Though there are situations where employees can rightfully be subject to random drug tests and terminated for marijuana use, a good attorney can examine the facts of a case and determine if a company has acted unlawfully. An employee who is wrongfully terminated can potentially collect lost wages, back pay, pain and suffering damages, and in rare cases, punitive damages. 

If you feel you were unfairly targeted at work and required to take a drug test because you are a member of a protected class, contact the office of Branigan Robertson to schedule a consultation. Mr. Robertson won’t charge to review the basic facts of your case. If it turns out you have a case worth pursuing, our office often handles cases on a contingency basis. This means you don’t pay out of pocket fees.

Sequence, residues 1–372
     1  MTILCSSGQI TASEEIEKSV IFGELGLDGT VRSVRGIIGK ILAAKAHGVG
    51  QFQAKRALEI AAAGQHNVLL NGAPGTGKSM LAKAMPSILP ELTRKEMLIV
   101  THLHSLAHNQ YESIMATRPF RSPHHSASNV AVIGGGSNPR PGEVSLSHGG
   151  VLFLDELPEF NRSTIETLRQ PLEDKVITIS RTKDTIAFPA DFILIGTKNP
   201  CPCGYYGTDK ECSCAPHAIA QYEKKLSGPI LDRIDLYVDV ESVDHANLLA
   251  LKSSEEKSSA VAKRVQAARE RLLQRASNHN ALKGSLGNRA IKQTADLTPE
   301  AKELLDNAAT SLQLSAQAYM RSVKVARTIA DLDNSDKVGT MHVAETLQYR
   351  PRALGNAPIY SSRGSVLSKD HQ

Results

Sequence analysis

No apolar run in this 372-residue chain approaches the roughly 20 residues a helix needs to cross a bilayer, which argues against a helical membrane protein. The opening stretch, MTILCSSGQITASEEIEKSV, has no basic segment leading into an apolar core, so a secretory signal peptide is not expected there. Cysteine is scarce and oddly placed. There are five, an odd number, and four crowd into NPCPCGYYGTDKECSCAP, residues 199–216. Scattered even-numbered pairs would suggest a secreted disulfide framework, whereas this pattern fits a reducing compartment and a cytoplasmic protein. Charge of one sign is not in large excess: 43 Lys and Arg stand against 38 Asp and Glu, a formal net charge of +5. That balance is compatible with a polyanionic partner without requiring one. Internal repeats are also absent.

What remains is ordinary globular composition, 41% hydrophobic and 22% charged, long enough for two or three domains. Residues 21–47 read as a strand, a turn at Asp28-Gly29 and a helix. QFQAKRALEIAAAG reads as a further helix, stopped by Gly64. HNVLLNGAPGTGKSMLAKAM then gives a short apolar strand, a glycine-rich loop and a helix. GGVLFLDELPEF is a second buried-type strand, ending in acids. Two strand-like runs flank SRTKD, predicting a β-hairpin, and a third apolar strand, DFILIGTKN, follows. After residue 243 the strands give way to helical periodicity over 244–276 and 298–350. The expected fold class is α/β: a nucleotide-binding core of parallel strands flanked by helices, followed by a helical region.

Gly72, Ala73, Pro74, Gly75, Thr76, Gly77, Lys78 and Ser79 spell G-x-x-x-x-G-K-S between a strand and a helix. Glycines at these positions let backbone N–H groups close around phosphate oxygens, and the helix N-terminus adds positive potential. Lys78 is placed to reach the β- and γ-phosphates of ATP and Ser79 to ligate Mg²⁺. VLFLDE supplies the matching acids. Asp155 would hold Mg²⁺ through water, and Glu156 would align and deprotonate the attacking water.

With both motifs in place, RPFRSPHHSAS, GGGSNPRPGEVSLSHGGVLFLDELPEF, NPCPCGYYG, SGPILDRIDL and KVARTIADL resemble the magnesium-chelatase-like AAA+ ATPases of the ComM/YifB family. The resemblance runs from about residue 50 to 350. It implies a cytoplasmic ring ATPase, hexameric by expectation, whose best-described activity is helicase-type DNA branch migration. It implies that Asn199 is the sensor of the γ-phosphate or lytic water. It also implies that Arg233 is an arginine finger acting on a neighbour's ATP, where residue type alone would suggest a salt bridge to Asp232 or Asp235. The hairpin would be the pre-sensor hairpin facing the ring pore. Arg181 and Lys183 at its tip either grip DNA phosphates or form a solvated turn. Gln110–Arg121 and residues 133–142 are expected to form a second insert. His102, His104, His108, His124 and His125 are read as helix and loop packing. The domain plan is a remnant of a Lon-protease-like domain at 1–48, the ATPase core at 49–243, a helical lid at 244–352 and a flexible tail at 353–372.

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Filed under Discrimination, Wrongful Termination

Can Immigrants in California Sue for Discrimination or Wrongful Termination? What are the Risks?

The topic of immigration in America continues to spark passionate, and often vitriolic debate. But regardless of the different voices clamoring to be heard, the simple truth is that America was built by immigrants, and immigrants — whether documented or undocumented — contribute positively to the fabric of California. 

There are laws in place at both the federal and state level that protect both documented and undocumented immigrants from employment abuse. This means that immigrant workers are protected from unlawful discriminationharassmentwrongful termination and other workplace violations.Continue reading to learn a little more about immigration and employment law.